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July 1989

Does a Residents' Continuity Clinic Provide Primary Care?

Author Affiliations

Columbus, Ohio; Philadelphia, Pa; Galveston, Tex; Baltimore, Md; Washington, DC
From the Department of Pediatrics, The Johns Hopkins School of Medicine (Dr Wilson), and the Department of Health Policy and Management, The Johns Hopkins School of Hygiene and Public Health (Drs Weiner and Starfield), Baltimore, Md; the Department of Pediatrics, University of Missouri, Kansas City (Dr Bender); and the Department of Pediatrics, Stanford (Calif) University (Dr Bergstrom).

Am J Dis Child. 1989;143(7):809-812. doi:10.1001/archpedi.1989.02150190059021

• Pediatric residents are required to care for a group of children over a period of time. For many, this "continuity" experience is in a hospital outpatient department that may or may not provide primary care. We applied a measure of primary care to the Primary Care Clinic, the continuity clinic at The Johns Hopkins Hospital, Baltimore, Md, and found that it compared favorably with private pediatric practices in the Baltimore area, providing significantly more "principal care" (93% vs 84.5% of encounters), and to the Harriet Lane Home walk-in clinic, where only 51% of encounters were "principal care." The Primary Care Clinic scored higher on a primary care index, a measure of the extent to which the facility serves as a primary care source for patients, suggesting that hospital-based training can provide residents with an opportunity to provide primary care.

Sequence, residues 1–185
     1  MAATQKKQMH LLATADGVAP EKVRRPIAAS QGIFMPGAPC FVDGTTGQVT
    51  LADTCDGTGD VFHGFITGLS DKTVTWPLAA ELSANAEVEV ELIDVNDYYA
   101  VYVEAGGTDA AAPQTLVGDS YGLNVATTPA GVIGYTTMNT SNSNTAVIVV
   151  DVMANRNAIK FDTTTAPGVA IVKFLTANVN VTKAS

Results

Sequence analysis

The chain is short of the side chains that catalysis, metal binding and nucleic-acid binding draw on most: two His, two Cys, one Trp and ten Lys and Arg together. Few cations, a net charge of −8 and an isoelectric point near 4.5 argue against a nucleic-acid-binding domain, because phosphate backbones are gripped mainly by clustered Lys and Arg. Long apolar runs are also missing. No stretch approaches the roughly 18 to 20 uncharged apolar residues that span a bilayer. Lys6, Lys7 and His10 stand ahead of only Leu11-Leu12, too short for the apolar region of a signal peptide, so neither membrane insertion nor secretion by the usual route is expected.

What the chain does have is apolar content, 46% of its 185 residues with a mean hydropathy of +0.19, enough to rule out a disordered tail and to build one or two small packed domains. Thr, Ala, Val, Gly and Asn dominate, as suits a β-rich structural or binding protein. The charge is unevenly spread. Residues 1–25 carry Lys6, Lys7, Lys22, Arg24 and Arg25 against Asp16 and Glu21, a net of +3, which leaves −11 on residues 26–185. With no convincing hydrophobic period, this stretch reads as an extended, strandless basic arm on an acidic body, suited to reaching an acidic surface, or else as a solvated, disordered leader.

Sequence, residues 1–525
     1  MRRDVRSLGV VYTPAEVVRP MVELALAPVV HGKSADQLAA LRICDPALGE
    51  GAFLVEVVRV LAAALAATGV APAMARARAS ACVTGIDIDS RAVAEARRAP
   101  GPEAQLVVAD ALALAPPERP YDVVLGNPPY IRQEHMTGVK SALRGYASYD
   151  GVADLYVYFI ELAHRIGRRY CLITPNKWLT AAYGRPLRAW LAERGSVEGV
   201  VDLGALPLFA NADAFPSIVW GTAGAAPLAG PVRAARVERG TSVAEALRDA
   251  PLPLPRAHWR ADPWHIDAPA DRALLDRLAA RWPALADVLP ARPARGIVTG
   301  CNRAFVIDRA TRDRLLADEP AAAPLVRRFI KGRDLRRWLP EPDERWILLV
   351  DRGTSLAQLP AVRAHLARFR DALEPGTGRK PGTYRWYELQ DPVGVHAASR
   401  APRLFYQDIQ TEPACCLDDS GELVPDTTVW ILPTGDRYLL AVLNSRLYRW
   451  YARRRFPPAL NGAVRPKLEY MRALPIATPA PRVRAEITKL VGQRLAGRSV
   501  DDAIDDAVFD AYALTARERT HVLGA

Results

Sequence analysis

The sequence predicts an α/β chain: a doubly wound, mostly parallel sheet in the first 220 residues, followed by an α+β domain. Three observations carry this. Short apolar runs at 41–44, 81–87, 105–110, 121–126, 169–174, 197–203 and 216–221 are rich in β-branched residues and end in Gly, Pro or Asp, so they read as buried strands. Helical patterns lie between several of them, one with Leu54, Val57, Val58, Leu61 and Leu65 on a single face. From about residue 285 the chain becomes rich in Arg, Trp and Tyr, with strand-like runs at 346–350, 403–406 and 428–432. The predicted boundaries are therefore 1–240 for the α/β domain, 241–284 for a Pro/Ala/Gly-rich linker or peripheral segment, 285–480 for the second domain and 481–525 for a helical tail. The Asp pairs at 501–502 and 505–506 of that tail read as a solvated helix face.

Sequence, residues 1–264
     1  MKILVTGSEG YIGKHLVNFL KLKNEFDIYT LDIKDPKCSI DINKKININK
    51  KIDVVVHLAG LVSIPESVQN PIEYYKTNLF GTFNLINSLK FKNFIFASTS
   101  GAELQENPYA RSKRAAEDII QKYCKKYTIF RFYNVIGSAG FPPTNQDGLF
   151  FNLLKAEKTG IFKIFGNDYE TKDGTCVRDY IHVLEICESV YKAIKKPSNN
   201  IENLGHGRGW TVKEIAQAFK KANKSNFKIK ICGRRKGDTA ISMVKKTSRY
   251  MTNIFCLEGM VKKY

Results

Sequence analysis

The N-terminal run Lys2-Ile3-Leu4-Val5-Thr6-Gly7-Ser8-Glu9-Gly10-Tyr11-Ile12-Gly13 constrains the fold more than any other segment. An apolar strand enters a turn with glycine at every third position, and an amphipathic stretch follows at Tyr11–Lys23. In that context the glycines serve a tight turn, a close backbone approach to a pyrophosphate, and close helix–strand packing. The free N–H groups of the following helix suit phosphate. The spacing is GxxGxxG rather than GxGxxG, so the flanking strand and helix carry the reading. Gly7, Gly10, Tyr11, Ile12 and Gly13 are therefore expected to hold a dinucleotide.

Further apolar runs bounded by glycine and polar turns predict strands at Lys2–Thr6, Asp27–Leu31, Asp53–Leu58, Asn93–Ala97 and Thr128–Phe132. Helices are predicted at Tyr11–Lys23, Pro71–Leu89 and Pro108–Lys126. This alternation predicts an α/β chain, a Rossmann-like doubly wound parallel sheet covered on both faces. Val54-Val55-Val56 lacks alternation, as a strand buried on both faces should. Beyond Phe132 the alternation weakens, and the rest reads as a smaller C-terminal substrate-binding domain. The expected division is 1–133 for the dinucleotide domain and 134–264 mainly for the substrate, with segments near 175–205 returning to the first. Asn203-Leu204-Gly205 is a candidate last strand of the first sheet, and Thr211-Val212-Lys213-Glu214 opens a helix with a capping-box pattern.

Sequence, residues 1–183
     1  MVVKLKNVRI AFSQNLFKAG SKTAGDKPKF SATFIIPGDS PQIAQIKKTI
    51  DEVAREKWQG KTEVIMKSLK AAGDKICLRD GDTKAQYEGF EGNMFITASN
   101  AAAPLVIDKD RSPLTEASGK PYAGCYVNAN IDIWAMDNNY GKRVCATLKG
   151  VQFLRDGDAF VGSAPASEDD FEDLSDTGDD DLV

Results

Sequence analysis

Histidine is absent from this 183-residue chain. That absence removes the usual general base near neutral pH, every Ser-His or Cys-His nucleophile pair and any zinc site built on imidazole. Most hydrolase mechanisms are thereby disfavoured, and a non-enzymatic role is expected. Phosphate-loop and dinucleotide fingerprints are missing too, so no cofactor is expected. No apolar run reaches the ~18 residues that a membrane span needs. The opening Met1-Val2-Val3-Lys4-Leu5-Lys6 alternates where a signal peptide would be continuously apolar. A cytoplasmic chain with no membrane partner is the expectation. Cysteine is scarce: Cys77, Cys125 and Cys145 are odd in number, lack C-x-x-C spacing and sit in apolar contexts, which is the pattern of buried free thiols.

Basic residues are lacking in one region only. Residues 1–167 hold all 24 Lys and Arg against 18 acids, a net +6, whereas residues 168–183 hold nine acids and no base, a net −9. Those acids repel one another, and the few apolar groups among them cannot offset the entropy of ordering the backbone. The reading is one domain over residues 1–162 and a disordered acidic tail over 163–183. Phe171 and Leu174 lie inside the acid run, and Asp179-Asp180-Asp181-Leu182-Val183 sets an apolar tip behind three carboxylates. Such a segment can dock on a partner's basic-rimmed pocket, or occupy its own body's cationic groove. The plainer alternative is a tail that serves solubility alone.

(AJDC. 1989;143:809-812)

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